BEIJING – Former Prime Minister Tomiichi Murayama said Friday he is planning to attend a ceremony China will hold in September to mark the 70th anniversary of the end of World War II.
“If I receive a formal invitation, I intend to go,” Murayama, who was prime minister from June 1994 to January 1996, said in a telephone interview.
Murayama said he recently got a call from Chinese Ambassador to Japan Cheng Yonghua, who said the government wants to invite him to the event.
China calls the anniversary its “victory in the war of resistance against Japanese aggression.”
The socialist leader is best known for penning the government’s clear 1995 apology for inflicting suffering on its regional neighbors through colonization and wartime aggression.
The so-called Murayama statement was released on the 50th anniversary of the war’s end. It is highly regarded by China and many other countries.
China has invited world leaders including Prime Minister Shinzo Abe, whom it views as a historical revisionist, to attend the ceremony in Beijing.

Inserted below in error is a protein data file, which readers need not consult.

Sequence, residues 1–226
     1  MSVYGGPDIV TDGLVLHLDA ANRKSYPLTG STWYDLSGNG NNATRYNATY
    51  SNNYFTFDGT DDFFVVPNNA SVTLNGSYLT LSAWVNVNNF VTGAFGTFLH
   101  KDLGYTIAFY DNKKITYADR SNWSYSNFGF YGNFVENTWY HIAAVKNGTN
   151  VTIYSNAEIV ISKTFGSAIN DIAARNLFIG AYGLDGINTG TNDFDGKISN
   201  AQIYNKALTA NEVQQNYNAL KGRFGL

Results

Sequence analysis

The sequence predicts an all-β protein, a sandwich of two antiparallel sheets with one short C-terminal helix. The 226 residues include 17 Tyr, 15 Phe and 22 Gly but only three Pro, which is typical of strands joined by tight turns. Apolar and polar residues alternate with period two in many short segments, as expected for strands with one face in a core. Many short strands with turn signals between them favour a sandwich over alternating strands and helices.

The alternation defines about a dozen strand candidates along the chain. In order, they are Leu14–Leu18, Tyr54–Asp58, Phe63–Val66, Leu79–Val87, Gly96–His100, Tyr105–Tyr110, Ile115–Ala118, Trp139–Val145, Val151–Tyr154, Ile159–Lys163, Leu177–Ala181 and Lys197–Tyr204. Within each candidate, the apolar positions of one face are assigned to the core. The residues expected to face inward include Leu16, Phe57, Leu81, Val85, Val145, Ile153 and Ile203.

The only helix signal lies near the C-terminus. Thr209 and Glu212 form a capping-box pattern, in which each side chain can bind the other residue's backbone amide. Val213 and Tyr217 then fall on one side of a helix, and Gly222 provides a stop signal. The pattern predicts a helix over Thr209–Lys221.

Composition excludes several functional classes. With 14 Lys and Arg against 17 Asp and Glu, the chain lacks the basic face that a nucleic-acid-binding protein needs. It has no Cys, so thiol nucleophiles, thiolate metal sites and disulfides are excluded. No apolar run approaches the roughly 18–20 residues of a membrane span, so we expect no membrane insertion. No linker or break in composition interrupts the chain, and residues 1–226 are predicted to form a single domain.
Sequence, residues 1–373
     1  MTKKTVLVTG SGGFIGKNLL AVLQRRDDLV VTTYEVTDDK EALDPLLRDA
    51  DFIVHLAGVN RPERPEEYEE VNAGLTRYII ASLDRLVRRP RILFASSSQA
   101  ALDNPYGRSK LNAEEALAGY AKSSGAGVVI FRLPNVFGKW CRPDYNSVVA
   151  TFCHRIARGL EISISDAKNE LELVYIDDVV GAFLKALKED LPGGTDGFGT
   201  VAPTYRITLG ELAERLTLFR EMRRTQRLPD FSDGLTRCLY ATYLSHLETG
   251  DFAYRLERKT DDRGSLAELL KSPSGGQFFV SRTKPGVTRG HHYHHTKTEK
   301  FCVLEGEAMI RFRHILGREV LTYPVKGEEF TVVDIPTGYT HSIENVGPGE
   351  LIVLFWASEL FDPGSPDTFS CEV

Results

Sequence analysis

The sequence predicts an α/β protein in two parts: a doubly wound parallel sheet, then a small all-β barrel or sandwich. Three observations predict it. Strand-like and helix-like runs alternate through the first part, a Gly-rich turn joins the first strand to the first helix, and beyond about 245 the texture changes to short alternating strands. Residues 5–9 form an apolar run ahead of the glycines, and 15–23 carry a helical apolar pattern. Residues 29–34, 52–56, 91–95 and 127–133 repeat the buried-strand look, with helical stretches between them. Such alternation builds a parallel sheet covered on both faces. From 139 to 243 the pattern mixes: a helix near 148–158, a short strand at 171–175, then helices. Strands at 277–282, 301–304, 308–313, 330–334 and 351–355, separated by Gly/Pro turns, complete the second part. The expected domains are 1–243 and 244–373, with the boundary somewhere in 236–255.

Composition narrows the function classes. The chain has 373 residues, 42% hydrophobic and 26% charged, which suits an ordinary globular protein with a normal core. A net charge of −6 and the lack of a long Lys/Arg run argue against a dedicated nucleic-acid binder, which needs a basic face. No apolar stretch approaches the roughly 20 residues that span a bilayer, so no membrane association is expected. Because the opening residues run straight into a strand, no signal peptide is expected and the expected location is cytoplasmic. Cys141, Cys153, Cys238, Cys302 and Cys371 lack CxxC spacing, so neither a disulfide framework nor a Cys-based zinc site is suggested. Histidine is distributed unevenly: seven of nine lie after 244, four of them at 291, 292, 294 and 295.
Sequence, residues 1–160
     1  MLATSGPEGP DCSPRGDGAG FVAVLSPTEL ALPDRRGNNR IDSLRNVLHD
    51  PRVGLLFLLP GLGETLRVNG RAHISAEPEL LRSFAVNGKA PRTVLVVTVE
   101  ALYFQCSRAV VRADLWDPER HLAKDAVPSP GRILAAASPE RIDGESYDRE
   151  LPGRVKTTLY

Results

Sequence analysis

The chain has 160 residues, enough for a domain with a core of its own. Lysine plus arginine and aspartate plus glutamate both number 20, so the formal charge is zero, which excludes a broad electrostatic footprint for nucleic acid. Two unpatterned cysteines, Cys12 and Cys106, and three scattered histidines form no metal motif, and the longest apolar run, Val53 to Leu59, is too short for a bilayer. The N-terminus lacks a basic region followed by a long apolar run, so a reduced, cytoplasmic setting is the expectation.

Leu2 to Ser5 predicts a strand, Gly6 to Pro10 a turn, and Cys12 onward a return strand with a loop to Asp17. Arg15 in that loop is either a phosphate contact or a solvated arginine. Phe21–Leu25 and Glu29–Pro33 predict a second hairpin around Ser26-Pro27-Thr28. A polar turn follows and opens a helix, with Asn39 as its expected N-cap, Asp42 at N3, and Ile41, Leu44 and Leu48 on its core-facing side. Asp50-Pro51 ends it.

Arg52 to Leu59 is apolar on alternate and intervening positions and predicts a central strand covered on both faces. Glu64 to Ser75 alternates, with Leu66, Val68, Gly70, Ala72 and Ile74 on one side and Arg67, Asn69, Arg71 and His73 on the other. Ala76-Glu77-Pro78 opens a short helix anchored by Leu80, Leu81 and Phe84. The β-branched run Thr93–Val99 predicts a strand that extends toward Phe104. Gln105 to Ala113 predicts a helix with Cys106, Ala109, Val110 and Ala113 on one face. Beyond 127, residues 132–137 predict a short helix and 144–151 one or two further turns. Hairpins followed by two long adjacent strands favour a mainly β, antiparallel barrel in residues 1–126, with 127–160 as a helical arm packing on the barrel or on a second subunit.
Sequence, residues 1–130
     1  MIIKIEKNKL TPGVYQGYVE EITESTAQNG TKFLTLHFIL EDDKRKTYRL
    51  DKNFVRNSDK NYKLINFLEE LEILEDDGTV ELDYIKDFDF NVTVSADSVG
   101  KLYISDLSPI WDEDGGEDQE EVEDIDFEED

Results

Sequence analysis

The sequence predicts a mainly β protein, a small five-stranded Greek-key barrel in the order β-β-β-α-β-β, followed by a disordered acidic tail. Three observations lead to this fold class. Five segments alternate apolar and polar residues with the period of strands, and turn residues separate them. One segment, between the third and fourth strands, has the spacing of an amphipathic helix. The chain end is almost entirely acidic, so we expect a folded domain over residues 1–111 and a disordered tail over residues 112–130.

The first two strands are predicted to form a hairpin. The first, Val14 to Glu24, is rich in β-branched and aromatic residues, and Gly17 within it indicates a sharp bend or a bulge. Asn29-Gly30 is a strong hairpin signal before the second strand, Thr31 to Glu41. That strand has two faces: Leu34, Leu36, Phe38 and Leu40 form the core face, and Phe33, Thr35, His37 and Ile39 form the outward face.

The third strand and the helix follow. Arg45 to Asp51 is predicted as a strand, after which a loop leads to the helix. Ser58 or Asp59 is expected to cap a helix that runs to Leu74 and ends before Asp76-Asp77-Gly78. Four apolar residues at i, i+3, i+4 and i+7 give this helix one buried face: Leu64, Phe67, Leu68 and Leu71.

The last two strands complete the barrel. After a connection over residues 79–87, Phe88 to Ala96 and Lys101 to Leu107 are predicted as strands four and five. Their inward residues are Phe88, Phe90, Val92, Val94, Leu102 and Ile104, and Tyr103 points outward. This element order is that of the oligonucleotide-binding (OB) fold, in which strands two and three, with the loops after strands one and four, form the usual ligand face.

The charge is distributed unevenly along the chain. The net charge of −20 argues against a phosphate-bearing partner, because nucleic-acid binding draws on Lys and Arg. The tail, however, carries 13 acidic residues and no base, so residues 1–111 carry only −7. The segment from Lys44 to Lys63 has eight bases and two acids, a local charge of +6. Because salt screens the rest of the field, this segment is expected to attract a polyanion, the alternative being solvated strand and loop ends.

Among major leaders, it is still unknown who will take part in the ceremony aside from Russian President Vladimir Putin. The event will be combined with a major military parade.
The likelihood of Abe traveling to China for the commemoration is very slim, Japanese officials said last month.
China has been wary of what Abe may say on the 70th anniversary of Japan’s defeat and has called on him not to water down the Murayama statement and other past apologies issued and adhered to by Tokyo in recent decades.
Last month, China said it has also invited foreign armed forces to march in the military parade expected to be staged in Tiananmen Square “to remember history, commemorate the martyrs, cherish peace and open the way to the future.”
The last major military parade was held in 2009 to mark the 60th anniversary of the founding of the People’s Republic of China.
Until now, military parades had only been staged every 10 years on founding day on Oct. 1, not the war anniversary.
The 91-year-old Murayama did not rule out the possibility of observing the parade but said he has not been told whether one will be held or what exactly will happen during the ceremony.
China regards Sept. 3 as “victory day” because Japan formally surrendered to the Allied Powers on Sept. 2, 1945, at the signing ceremony held aboard the USS Missouri in Tokyo Bay.